In 65 BCE the legitimacy of the pharaoh was questioned in the Roman Senate. He then had to seek the support of consuls and generals and bribe certain authorities, including Julius Caesar, in exchange for which the latter managed to have the pharaoh’s legitimacy legally recognised. Despite this, Rome did not include Cyprus in this agreement, and they annexed it in 58 BCE to the indifference of the pharaoh. The island was governed by his brother, who, on finding that the pharaoh did nothing to defend him, committed suicide. The loss of Cyprus caused an irate popular uprising in Egypt against Auletes, who travelled to Rome in search of aid to put it down. His wife Cleopatra and the eldest daughter of both, Berenice IV, were left as regents. After the death of the queen, the people of Alexandria proclaimed Bernice as the sole monarch and sent representatives to Rome to defend her legitimacy before the Senate. Auletes, who was living in the home of Pompey, tried to win the support of the senators by means of substantial bribes, which meant that he had to raise taxes in Egypt and even go into debt to Roman moneylenders. He also organized the assassination of the delegates from Alexandria. Auletes managed to secure the support of Aulus Gabinius, proconsul in Syria and deputy of Pompey, and got his throne in Egypt back with the aid otoa Roman army. The cavalry of this army was led by a twenty-four-year-old officer called Mark Antony, who, in the course of time, would become the sovereign of Egypt along with another of the daughters of Auletes, Cleopatra VII. When the pharaoh returned victorious to Alexandria, he ordered the death of his daughter, Berenice. The size of his debt was such that he had to name his main Roman creditor, a banker called Rabirius, as Minister of Finance. The latter intended to make sure that he at least got back the mount he had lent out, but the following year he had to flee the country due to a popular revolt. Shortly before his death (in 51 BCE) Auletes named his children as coregents (the famous Cleopatra VII, then eighteen years of age, and his son Ptolemy XIII, then just ten years old. He also named them heirs of the kingdom under the custody of Rome. Of course, according to the laws of the Lagidae, to be able to govern jointly, they had first to marry.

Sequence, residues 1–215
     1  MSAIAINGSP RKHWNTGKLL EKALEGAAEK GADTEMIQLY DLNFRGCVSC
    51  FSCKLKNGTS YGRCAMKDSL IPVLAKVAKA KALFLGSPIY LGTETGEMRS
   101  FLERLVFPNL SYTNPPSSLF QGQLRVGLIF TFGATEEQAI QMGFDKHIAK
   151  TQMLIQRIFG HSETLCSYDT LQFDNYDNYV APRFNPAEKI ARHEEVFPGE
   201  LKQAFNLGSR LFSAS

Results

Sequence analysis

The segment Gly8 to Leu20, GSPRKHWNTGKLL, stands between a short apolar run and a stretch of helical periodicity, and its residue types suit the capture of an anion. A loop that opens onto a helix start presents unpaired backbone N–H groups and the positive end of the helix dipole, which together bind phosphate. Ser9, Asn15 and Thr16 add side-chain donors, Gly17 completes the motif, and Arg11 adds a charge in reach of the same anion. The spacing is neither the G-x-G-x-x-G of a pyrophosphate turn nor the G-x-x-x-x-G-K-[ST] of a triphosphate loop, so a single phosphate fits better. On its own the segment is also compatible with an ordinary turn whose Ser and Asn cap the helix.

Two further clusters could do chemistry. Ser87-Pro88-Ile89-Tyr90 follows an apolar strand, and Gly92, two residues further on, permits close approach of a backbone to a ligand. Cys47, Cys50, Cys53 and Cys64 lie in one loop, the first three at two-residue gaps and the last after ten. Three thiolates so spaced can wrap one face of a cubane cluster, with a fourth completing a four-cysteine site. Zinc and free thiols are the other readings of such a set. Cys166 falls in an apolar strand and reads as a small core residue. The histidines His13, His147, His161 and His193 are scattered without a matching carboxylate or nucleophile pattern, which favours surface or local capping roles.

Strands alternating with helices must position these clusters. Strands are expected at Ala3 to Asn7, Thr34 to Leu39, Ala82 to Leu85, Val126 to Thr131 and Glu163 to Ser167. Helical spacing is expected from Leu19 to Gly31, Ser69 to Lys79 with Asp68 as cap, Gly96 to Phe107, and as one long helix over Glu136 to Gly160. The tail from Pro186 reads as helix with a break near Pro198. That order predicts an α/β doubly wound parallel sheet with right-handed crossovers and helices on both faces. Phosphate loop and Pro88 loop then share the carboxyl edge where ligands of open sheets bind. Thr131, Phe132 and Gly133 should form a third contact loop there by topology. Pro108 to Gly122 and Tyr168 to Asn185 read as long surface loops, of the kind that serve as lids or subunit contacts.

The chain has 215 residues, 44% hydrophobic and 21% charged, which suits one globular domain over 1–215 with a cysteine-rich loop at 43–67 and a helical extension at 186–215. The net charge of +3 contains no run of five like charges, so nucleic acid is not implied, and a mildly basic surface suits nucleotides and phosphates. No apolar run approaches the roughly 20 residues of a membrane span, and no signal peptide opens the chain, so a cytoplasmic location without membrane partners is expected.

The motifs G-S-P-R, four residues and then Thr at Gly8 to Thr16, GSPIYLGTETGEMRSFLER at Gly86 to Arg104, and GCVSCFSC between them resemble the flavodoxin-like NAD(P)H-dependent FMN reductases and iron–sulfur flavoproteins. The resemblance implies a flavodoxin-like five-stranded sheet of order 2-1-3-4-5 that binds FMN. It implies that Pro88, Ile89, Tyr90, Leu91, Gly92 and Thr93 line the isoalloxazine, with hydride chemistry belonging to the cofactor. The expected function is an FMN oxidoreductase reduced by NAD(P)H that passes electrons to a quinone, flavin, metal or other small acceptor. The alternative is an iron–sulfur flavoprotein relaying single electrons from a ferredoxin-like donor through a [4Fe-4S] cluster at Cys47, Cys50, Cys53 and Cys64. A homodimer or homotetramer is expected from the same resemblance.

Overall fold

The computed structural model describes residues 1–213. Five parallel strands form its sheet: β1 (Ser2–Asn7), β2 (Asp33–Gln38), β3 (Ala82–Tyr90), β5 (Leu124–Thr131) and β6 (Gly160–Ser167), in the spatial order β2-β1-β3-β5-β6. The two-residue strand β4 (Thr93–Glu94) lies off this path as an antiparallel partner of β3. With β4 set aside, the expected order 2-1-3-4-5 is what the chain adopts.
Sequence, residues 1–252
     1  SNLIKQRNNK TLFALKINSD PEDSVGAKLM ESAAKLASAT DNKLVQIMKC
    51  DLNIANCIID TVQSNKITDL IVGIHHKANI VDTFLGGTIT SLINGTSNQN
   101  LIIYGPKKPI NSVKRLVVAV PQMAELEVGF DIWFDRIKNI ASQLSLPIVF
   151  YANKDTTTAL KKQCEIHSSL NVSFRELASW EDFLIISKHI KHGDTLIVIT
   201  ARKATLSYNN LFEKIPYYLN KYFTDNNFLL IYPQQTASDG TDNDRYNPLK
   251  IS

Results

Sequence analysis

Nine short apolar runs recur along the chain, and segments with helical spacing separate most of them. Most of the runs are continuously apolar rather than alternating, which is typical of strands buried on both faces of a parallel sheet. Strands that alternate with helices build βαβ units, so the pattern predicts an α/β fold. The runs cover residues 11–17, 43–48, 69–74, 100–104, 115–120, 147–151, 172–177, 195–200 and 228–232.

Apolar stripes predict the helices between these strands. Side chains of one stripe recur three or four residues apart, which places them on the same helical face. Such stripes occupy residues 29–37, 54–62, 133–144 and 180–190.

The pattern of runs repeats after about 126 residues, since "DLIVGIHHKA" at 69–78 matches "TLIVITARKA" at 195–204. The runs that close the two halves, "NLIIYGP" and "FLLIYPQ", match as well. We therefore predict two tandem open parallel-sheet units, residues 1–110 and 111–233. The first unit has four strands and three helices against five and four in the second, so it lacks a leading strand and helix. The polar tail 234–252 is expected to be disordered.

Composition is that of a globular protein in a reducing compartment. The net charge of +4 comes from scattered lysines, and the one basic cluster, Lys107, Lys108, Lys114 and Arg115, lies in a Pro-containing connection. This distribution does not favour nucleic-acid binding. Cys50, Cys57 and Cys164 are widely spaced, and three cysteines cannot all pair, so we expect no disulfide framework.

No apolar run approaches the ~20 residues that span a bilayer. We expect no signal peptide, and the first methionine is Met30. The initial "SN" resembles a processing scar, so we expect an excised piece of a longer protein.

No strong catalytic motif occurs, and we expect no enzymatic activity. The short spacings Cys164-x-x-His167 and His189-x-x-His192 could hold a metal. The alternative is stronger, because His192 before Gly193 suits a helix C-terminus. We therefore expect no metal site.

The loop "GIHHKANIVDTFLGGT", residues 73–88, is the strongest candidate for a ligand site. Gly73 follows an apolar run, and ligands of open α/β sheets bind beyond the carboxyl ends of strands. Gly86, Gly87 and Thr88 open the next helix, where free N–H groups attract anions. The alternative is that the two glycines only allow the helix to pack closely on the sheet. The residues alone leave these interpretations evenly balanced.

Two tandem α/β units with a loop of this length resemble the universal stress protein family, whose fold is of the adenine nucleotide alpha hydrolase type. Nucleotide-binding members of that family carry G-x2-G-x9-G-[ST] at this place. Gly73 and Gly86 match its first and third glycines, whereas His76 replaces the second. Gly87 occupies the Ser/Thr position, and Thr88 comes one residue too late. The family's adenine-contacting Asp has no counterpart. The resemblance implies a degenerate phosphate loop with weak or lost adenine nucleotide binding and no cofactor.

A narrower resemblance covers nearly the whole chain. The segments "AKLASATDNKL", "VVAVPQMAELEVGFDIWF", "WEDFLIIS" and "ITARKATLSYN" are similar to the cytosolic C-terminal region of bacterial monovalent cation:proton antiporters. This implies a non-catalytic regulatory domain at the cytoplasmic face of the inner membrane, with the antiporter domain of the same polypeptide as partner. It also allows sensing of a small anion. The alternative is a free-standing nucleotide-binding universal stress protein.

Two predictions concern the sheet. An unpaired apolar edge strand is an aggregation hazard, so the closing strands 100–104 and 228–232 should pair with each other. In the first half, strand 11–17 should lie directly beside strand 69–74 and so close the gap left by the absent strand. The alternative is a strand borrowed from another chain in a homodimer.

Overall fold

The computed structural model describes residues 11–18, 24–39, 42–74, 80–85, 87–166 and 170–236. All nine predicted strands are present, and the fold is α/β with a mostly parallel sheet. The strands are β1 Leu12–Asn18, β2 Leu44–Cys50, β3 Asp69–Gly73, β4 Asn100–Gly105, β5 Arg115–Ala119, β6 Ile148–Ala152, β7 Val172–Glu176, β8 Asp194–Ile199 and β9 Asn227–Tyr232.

God Thot:

When the waters of the Nile rose, the Threskiornis aethiopicus, a bird which has now disappeared from Egypt, migrated in colonies from Ethiopia to the marshlands of the delta. This ibis is distinguishable for its graceful and flexible neck which it keeps extended in flight, for its long, curved beak and for its general white plumage contrasting with the black of its neck, tail and head.